This is Wayback Wednesday, your midweek blast from the past! In this feature, we dig into the archives, look back at the history of basketball gaming, and indulge in some nostalgia. Check in every Wednesday for retrospectives and other features on older versions of NBA Live, NBA 2K, and old school basketball video games in general. You’ll also find old NLSC editorials re-published with added commentary, and other flashback content. This week, my retrospective on franchise gaming continues with a look back at the mode that helped coin that term: the original Franchise Mode featured in NBA Live 2000 through NBA Live 2003.
With GM Mode, EA Sports had experimented with altering the traditional Season experience. The expanded Season mode in NBA Live 99, with its multiseason play and dynamic features, laid the foundation for an even deeper mode. Come NBA Live 2000, basketball gamers wouldn’t have to wait any longer for a multiseason mode that replicated even more aspects of the real NBA season, including free agency and the rookie draft. Needless to say, it isn’t as deep as its successors, but looking back, it’s still impressive to see just how much EA were able to accomplish with that first iteration of Franchise Mode.
From NBA Live 2000 through NBA Live 2003, Franchise Mode was definitely the centrepiece of NBA Live’s game modes, and the most popular. It was an extremely important development in basketball gaming, so let’s take a look back…way back…
I remember being blown away by Franchise Mode the first time that I played it in NBA Live 2000. The concept was something that we’d wanted to see for a few years at that point, and thus it had become a staple of the NLSC Wishlists. After NBA Live 98 and NBA Live 99 took the first few steps towards introducing an experience that we’d come to know as a franchise mode, it was very exciting to see it all come to fruition. NBA Live 2000’s Franchise Mode didn’t include all of the features we’d come to enjoy and expect in later games, but many of the basics were covered. Indeed, in some ways, the original mode is deeper than its namesake in NBA Live 18.
Many of the basic elements of Franchise Mode were established in NBA Live 2000. You could play up to twenty-five seasons, which was admittedly more than most gamers would end up doing. Players improved and declined throughout the course of their careers, according to their age and the same hidden potential attribute that had been introduced in NBA Live 99. Unlike NBA Live 99 however, players also retired, generally when they were over the age of thirty-five, though sometimes as young as thirty-two. Fictional rookies were generated in between seasons and entered the league via the Draft, the order of which was determined by the real Lottery rules.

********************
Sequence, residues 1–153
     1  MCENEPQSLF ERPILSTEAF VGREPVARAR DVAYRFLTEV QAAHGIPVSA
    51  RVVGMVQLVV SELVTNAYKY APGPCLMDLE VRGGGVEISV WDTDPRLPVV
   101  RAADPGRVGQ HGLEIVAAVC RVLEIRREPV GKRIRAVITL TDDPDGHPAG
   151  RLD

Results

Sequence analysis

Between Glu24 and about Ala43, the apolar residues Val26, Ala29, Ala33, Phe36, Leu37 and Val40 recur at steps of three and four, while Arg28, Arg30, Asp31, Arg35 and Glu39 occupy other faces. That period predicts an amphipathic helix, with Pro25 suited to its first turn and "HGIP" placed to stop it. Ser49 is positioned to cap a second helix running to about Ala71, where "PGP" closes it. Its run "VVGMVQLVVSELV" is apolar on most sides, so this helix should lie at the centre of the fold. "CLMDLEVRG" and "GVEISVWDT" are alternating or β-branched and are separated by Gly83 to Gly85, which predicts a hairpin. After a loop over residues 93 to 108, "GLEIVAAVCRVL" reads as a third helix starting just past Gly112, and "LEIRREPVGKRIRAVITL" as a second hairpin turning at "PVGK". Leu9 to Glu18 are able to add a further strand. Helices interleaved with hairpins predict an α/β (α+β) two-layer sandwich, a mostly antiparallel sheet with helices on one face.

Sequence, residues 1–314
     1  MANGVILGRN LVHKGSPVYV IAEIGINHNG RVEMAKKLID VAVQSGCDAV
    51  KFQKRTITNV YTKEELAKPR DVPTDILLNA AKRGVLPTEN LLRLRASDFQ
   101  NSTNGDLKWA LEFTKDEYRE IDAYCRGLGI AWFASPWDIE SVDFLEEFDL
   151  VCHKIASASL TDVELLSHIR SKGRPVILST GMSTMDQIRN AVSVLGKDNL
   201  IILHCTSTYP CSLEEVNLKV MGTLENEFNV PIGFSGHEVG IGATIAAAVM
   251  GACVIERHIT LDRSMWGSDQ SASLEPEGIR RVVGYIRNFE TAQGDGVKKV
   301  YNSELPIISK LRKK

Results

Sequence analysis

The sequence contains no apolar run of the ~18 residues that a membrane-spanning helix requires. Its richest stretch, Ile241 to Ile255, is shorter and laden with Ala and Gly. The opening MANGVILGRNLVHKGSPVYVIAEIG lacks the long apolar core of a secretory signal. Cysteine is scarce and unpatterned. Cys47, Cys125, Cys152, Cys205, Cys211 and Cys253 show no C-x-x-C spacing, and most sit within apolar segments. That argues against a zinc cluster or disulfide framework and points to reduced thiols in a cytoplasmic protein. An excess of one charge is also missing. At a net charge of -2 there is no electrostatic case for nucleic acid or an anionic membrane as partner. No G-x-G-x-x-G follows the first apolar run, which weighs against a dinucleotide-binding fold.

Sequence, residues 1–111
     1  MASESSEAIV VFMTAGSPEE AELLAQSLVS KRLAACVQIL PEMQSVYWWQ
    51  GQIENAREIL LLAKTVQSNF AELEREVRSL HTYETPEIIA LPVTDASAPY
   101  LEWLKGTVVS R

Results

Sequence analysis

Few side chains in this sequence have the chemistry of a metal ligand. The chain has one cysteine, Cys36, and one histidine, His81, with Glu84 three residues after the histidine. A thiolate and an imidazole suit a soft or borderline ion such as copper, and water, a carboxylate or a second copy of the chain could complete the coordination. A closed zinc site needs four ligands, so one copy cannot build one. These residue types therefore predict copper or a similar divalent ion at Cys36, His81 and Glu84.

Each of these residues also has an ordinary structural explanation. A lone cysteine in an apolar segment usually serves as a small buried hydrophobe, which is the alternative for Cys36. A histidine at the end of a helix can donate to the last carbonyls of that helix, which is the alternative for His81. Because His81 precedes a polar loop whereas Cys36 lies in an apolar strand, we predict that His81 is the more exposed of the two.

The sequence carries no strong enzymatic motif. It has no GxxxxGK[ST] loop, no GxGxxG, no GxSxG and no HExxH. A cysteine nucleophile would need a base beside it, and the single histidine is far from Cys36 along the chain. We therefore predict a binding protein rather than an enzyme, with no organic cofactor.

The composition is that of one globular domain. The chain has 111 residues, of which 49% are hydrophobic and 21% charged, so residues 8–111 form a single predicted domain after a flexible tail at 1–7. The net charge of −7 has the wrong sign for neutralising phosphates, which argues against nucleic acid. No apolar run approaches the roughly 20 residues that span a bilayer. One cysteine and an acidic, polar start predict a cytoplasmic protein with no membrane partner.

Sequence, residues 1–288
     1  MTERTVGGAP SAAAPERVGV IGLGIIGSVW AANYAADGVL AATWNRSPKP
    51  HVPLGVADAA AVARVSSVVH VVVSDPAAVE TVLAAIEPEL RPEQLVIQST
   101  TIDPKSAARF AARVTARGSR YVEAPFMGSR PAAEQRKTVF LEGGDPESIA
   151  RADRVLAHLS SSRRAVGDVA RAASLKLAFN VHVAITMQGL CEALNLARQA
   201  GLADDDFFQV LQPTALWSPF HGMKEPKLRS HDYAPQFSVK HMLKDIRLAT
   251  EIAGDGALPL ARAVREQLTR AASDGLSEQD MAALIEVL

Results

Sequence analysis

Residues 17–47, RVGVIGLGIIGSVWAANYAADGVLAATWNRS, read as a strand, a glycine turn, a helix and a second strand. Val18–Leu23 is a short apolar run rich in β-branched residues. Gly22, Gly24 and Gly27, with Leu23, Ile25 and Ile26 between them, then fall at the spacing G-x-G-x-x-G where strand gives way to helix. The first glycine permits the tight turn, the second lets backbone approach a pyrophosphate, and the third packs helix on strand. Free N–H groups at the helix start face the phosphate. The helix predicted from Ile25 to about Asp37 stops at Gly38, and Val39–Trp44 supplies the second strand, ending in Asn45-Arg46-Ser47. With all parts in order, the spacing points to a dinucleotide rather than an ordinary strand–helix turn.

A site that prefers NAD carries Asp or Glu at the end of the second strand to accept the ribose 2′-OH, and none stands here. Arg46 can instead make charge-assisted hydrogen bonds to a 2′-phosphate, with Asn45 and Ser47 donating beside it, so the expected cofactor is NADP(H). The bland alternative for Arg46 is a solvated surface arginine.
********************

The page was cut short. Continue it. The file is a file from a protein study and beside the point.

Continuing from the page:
Trades occurred between CPU-controlled teams, and free agency was also added, leading to player movement becoming far more realistic in nature and frequency. At the time, EA Sports weren’t allowed to use real salary figures, so player salaries were represented by a simplified “points” system. The initial cap was set at one million points, while the maximum and minimum salaries were three hundred thousand and thirty thousand respectively. Aspects of the collective bargaining agreement such as annual cap raises, conditions for teams trading while above the cap, Bird Rights, minimum contracts, and even the rookie scale, were all represented.
The PC version naturally offered a way around the restrictions regarding real dollar amounts. Player salaries could be modified in the players.dbf file, while the salary cap values were stored in a file called salary.ini, which could likewise be edited. With a little work, it was quite feasible to give players their real salaries, and have Franchise Mode operate with the actual salary cap figures. Alternatively, since there was no in-game option to disable the cap, you could simply set it to a much higher amount while leaving the default points system in place. If you wanted the depth of Franchise Mode with the simplicity of Season mode, this was a viable workaround.
To some extent, users were able to decide how much realism they wanted in Franchise Mode. Obviously, the longer you played the mode, the more detached from reality it would become, but the ability to start out by completely customising the league and holding a fantasy draft also remained. Even if you chose to begin with real rosters and the default league settings, you’d see the NBA evolve over time, and could also play an active role in reshaping it. Negotiating multiplayer trades, freeing up cap space and vying for free agents, seeing CPU teams shake up their rosters, and watching generated players gradually take over the league, was all part of the fun.